Boedker the hero again in Coyotes’ huge win

CHICAGO — Mikkel Boedker termed it more of a shove

than a shot. Goalie Mike Smith called it “Coyote ugly.” But on

Thursday at the United Center, beauty came in the form of a second consecutive

overtime winner.

After blowing a late lead for the third time in four games in this Western

Conference quarterfinal series, the Coyotes scored just 2 minutes and 15

seconds into overtime to post a 3-2 win over the Chicago Blackhawks and grab a

commanding 3-1 lead in the series, with Game 5 scheduled for Saturday in Glendale,


With Chicago defenseman Sean O’Donnell already caught too deep in the Phoenix

zone, Boedker tipped the puck away from defenseman Nick Leddy in the neutral

zone and raced in on a partial breakaway, beating goalie Corey Crawford between

the legs for his second overtime winner in as many games.

“Your eyes get a little big when you see a bobbled puck and the D-man is

pinching down on it,” Boedker said. “It wasn’t much of a move, but

they all count the same.”

Boedker is the first player to score consecutive overtime goals in the

postseason since Colorado’s Joe Sakic did it against San Jose on April 28 and

May 1, 2004. That he was the one to deliver in both of the last games was

fitting for a team that has relied on depth all season to overcome a lack of

star power. But it also came as a mild surprise for a player whose greatest

issue has been his inability to finish.

“Every player wants to get points,” coach Dave Tippett said.

“Their friends all text them and everything is good. The one thing with

Boeds — we’ve had to stay on him and say, ‘You have an effect on the game even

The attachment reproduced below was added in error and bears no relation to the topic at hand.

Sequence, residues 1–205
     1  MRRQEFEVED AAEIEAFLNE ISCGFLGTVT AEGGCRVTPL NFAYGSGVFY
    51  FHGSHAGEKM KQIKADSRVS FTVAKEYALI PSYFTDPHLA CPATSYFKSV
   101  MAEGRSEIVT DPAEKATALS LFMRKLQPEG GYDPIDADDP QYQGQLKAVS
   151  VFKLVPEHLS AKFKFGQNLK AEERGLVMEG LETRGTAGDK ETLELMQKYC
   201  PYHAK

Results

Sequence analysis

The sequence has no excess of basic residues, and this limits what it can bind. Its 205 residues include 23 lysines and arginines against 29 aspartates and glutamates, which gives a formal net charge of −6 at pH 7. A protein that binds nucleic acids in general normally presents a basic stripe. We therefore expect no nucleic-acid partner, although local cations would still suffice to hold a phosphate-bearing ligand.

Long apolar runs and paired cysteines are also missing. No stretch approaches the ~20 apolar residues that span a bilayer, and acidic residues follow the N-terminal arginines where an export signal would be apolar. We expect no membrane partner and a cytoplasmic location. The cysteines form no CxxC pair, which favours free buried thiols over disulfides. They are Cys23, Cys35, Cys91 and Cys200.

if you don’t score, if you’re doing things right.'”

Boedker has done all of those things. He’s sound positionally, he’s sound

defensively, he makes good decisions with the puck, he works hard and he’s as

humble a player as you will find in this league. But when you’re drafted eighth

overall (2008), big things are expected.

“It doesn’t happen overnight. With some guys you have to be a little more

patient,” Boedker said. “I’ve had some rough ups and downs this

season and Tip and those guys have stayed with me.”

Boedker has always had blazing speed — an asset that was on display on

Thursday’s winning goal and all season long when he took shootout attempts. But

he spent a lot of time after practice working with assistant John Anderson on

finishing around the net.

He had 11 goals in 82 games, but general manager Don Maloney made it clear he

wanted more, all but calling Boedker out earlier in the season.

“I don’t think I was as bad as maybe it looked because I wasn’t

scoring,” Boedker said. “But I knew they wanted more.”

Boedker got an opportunity in Games 3 and 4 with wing Lauri Korpikoski out of

the lineup due to an undisclosed injury. He made the most of that increased

playing time on a line with Boyd Gordon and Taylor Pyatt.  

“I was bugging Korpikoski,” Tippett said, smiling. “He might

have just lost his spot on that line.”

The only other time the Coyotes have led a series 3-1 since moving to the

Valley came in 1999, when they fell to St. Louis in seven games. Judging by the

first four games of this series, closing out the Blackhawks will be equally


Thursday’s extra session marked the first time since 1951 (Toronto-Montreal)

that a playoff series has opened with four straight overtimes.

“It feels like we’ve played the fifth game,” Tippett quipped.

But in a season in which the Coyotes captured the franchise’s first division

title, no challenge appears too daunting. The club is resilient. The club is

deep and, as Boedker showed on Thursday, the faces are interchangeable.

“You can go right through our lineup,” captain Shane Doan said.

“Everybody expects to contribute and score.”

Phoenix is on the verge of its first playoff series win since moving to

Arizona. But don’t expect that reality to alter this group’s demeanor.

“We’re not going to change a thing,” Doan said. “It’s that same

business approach that’s made us successful, and that’s what you’ll see on